||Plastic phenotypes are expected to be favoured in heterogeneous environments
compared with stable environments. Sensory systems are interesting
to test this theory because they are costly to produce and support, and
strong fitness costs are expected if they are not tuned to the local environment.
Consistently, the visual system of several species changes with the
conditions experienced during early development. However, there is little
information on whether the amplitude of the change, that is the reaction
norm, differs between visual environments. Given the rapid change of many
ecosystems, especially eutrophication for aquatic habitats, it is crucial to
determine down to which spatial scale, change in the reaction norm occurs.
We addressed this issue by quantifying the between-habitat variation in the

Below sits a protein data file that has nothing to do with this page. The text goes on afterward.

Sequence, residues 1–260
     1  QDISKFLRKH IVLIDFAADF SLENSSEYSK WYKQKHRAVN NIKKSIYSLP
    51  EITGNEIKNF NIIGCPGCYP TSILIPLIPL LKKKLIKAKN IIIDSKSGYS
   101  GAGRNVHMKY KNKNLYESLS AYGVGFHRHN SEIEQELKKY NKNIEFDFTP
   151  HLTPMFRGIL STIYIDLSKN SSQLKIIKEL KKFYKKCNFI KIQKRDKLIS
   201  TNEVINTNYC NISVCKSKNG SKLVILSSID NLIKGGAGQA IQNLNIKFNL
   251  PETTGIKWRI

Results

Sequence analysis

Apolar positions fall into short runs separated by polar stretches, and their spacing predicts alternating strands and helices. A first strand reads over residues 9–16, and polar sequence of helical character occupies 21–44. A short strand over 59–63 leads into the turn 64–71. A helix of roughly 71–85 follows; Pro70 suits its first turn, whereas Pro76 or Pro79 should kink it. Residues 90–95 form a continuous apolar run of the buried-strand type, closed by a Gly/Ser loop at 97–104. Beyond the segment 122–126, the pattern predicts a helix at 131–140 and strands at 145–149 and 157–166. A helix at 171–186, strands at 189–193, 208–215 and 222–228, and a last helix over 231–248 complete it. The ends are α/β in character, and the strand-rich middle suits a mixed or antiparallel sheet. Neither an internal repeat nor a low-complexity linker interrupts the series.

expression of a UV-sensitive opsin in a newt. In western France, this species
breeds in ponds of small forest patches, where water filters out UV, and in
agricultural ponds where UV transmission is variable. We raised larvae from
both habitats with or without exposure to UV. Opsin expression was
reduced in larvae from agricultural habitats when raised without UV,
whereas it was low in larvae from forest ponds under all lighting conditions.
Thus, the variation in the reaction norm of opsin expression was lower in
stable filtering environments and higher in heterogeneous environments. Its
variation occurred between habitats across a small spatial scale. We discuss
the hypotheses for this pattern and for the maintenance of residual opsin
expression in forest populations.